First though, where can you find The Basement. As an e-book, it’s available everywhere. The thing about that link is that it doesn’t include everything. It doesn’t include Amazon. It doesn’t include Overdrive. And a couple of others. So, contrary to Draft2Digital’s advertisement of that link as being a universal link, it is not. But you’ve heard it here … it is available on Amazon for your Kindle, and Overdrive if you can talk your library into ordering it.
The paperback is also now available at Barnes & Noble, and remains pending at Amazon. Eventually, it will also be available at other on-line retailers, like Powell’s and Books-A-Million, and any other retailers that pick up books from the IngramSparks catalog.
Now, on to the new news.
My short story collection, Killing Berthold Gambrel, will be available as an e-book beginning tomorrow almost everywhere e-books are sold. Where is the one place it won’t be available? Well … Amazon. Why? Because the collection consists primarily of short stories that I’ve posted on this blog over the years and I note that in the book materials because I don’t want any of the people who read this blog to buy the book and be surprised. (There are some new stories, but most have appeared here.) Amazon’s policy is that it won’t publish anything that is generally available for free elsewhere online, or at a lower cost elsewhere. So, they have rejected this little collection.
But be not disappointed all you Kindlers. It will still be available everywhere else, including Apple. So, if you have an iPhone or any other Apple device, you can get the e-version and read it on your handy-dandy Apple device. The paperback will be available at the end of the month, once I get a proof copy and confirm it’s worthy.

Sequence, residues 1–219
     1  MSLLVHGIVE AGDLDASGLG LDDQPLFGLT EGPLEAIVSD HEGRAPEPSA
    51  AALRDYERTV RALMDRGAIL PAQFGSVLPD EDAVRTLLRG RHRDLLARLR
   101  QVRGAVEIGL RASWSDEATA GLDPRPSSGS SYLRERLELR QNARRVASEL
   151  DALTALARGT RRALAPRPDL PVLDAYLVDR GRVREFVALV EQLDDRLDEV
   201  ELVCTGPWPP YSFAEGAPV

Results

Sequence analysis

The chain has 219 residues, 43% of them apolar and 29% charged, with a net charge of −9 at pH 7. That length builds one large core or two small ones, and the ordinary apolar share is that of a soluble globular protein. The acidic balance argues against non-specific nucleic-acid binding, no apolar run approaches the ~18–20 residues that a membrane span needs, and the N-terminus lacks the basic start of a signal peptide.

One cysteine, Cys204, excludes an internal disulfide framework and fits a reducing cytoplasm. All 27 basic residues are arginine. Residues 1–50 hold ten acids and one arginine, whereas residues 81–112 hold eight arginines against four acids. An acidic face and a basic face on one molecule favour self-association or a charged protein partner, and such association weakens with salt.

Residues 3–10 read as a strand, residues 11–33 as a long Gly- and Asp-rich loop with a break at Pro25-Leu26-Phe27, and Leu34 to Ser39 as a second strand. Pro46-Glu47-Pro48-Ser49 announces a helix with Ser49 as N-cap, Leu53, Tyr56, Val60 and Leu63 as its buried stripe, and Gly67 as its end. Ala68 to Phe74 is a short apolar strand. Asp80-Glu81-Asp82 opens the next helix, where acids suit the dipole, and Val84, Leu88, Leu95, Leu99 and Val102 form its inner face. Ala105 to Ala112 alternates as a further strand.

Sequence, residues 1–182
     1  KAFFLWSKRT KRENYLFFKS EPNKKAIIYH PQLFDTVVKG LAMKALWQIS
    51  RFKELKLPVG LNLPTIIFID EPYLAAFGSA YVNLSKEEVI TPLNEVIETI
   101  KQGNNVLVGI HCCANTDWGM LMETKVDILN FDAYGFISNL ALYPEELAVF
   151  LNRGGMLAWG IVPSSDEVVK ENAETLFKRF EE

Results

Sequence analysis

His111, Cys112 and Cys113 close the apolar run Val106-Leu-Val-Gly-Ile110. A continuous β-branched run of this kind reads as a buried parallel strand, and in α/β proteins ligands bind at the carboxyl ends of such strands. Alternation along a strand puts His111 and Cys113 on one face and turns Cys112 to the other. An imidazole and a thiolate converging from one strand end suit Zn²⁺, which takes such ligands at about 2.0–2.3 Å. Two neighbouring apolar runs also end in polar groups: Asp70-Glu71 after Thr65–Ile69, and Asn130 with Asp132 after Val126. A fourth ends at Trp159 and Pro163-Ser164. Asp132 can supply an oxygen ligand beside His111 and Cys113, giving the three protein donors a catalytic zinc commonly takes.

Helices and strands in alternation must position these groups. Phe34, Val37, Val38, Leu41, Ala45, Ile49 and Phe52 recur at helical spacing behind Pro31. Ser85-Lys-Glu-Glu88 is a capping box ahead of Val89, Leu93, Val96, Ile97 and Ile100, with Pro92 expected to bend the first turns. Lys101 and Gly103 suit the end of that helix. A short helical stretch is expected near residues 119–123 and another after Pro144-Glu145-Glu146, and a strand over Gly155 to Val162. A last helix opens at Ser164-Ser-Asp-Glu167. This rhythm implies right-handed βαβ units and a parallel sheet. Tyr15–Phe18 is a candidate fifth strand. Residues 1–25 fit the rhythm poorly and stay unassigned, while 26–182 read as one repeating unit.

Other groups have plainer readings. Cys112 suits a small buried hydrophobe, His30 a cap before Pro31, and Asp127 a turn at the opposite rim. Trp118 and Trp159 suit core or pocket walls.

Meanwhile, here’s the blurb:
In his third collection of stories, Mark Paxson starts things off with the unfortunate and untimely death of a famous writer. A snarky tale that ends as a snarky tale must. From there, this collection travels through stories that touch on real-world horrors, including Aleppo and An Obituary, and others that approach the sublime and the surreal. The collection includes Carnies and Two Spaces After The Period, uncommon love stories, and a number of untitled poems from the archives.
This collection takes the reader on a journey through the lives of mostly ordinary people facing the curve balls life throws at them. Psychotic former lovers, world leaders out of touch with reality, apartment buildings due for demolition. It’s all in here. Just crack it open and start reading.
And here’s the cover:
I’m increasingly convinced Amazon makes up policies at random. And how can there be all those public domain “classic” books published on Amazon that are also free on places like Wikisource, Internet Archive, etc.?
Anyway, I’m really looking forward to this one. 🙂
Yes. Audrey made the same point. It’s somewhat ridiculous. Why do they care if the stuff is free somewhere else as long as somebody is willing to pay for the material on Amazon?
Every time I type the title, I giggle a little.
I don’t think I told you this, but swapping out the other author with you gave me the snarky ending to the tale that it desperately needed. Also, some of the description of the writer and his habits come from the writer I originally included. I didn’t change those descriptions. So, if there is anything I say about that writer, it’s about the other guy, not you.